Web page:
Tel Aviv is normally a very hot place. The summer sun is brutal, and it’s humid, however, winters are relatively warm and comfortable with very few rainy days. But this year has been totally different. It is the worst winter we’ve had since 1992 (which was the coldest recorded winter ever). It‘s been cold and rainy for the most part since December.
The last week has been consistently stormy, and as Friday’s half marathon approached, what seemed like a great idea a month ago seemed not so great anymore.
But the weather is only part of the story. Since running the Tiberias Marathon I’ve felt like I just can’t get back in shape. I gave myself a couple of weeks rest and then gradually increase my mileage back to 45-50 miles a week. And for the last 2-3 weeks have been working on speed trying to get back to where I was before the marathon. But I just seemed to be slower than I was before. Well, at least that’s how I felt.
My coach, on the other hand, felt that I could do much better and when I signed up for half marathon at our local park (500 runners) he told me I should break 1:40. My pre-Tiberias marathon personal record was 1:45:12, and although I did set that record after running 7 miles before the race began, I didn’t think breaking 1:40 was realistic. I told my coach how I felt and that I thought he was totally off. So he told me to add a few seconds to each mile and run a 1:42 race, a pace I believed was much more realistic.
When I woke up Friday morning at 5:15 a.m. it was raining hard and from my window (on the fourth floor) I could see the tree tops blowing. I checked my blood sugar – 93 – and had some coffee. When I left home at 6:15 it was still cold and raining. I couldn’t believe I was actually going to run a race in that kind of weather.
I met up with a few people from my running group before the race for a warm up. I felt so cold that a “warm up” didn’t really seem possible. We ran 2 miles in the rain and went to prepare for the race. I checked my blood sugar (I had reduced my basal insulin an hour before the warm up) and it was 117, a little lower than I would have liked, but okay.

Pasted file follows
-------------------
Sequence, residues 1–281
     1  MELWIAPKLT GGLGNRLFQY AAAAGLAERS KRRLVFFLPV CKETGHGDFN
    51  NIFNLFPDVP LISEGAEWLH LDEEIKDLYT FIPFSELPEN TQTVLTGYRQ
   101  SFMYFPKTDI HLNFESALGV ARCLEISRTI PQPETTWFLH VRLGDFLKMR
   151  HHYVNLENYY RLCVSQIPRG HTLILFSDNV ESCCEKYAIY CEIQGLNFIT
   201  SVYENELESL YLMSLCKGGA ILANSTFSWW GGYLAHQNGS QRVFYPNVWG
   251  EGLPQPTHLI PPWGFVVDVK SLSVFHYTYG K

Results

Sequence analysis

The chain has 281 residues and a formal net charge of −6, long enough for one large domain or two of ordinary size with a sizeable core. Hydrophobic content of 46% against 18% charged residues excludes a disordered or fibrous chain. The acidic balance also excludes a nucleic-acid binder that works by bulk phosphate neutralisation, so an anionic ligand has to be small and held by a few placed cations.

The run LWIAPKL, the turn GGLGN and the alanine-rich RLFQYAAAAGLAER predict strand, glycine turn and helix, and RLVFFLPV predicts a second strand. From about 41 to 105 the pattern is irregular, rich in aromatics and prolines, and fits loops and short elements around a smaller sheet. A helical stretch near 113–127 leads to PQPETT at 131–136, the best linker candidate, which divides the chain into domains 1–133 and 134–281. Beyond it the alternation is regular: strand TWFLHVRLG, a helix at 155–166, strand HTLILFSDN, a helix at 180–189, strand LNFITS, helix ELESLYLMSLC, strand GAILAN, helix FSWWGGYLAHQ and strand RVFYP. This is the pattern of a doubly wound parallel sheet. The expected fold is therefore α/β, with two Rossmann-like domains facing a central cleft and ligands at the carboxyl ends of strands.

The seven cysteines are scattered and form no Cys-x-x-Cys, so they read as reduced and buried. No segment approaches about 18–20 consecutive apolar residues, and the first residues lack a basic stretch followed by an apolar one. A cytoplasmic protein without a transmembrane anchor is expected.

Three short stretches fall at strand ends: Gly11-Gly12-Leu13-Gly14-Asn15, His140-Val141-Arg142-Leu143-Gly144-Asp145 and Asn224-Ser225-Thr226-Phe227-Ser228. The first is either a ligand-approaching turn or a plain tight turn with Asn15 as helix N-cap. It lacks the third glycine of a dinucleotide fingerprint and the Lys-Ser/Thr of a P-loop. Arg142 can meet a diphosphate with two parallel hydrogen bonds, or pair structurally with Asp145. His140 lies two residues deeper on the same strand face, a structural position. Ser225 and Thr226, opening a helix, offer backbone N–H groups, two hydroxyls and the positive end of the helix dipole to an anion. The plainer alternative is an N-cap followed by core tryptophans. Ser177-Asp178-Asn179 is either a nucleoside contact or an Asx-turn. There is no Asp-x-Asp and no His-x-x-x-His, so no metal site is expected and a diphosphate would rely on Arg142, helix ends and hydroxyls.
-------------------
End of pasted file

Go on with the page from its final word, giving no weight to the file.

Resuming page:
I headed to the starting line feeling much better than I had before, but with my head full of the usual “running with diabetes” worries: Is my blood sugar was high enough? Am I going up or down? When should I take my first gel?
When the race started I took off at a much faster pace than I had planned. The crowd seemed to force me ahead. I ran the first mile at a 7:30 pace. I kept going thinking that I should slow down but I didn’t. I suddenly felt better than I had since the marathon. I waited with the gel until the first water station at the 3 mile mark. I didn’t believe I could keep up the pace but decided to try and see what happens. At around the 4th or 5th mile I found myself running along a guy in a red shirt. I decided to keep his pace as long as possible. I figured he would probably take off at some point towards the end, but it was the other way around.
The only thing that could have gone wrong at that point was my blood sugar. I didn’t know if I was high low. High I could deal with but low…
So I took another gel out of my pack and squeezed it into my mouth. At the last minute I decided to spit half out. 12g of carb should be enough, I thought to myself.
With only 2 miles left I felt I could give it a little more. I increased my pace a little toward a 7:15 mile. I knew I was going to break 1:40 but as I approached the track where the finish line was I realized I was going to do much better than that. I pushed myself a little more and went around the track at what felt like a sprint. I crossed the finish line at 1:38:26 and my final time was even better 1:37:58.
I guess my coach was right.
My post run blood glucose was a little high – 239 – but I’m not complaining